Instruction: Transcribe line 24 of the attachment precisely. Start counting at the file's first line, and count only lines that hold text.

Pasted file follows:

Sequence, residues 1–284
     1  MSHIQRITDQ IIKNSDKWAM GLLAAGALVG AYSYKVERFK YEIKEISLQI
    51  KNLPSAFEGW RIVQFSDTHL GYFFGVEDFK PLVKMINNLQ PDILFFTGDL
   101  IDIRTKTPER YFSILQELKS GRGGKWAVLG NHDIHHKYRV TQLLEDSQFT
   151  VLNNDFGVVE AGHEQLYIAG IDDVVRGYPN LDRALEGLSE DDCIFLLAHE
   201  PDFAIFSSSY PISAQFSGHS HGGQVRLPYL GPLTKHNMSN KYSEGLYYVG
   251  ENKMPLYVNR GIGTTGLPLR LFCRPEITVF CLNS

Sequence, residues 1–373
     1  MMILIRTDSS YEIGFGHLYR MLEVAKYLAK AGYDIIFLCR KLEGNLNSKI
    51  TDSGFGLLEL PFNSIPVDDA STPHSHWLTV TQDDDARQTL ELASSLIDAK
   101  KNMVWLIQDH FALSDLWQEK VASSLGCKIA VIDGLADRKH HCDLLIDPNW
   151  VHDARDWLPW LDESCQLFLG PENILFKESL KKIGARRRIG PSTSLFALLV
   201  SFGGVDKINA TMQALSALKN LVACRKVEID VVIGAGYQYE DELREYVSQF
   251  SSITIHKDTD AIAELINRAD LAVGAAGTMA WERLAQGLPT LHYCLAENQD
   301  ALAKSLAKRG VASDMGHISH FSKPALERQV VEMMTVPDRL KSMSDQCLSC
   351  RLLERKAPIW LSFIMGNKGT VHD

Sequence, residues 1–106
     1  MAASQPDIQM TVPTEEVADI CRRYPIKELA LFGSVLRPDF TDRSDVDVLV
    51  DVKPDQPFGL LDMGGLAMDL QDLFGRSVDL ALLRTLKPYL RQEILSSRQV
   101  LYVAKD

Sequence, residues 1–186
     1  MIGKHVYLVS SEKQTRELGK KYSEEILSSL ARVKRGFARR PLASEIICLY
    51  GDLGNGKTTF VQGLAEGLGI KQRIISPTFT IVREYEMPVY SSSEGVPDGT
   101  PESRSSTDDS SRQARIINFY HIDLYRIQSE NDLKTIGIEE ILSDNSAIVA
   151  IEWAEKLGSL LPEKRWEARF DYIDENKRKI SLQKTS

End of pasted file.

   101  PESRSSTDDS SRQARIINFY HIDLYRIQSE NDLKTIGIEE ILSDNSAIVA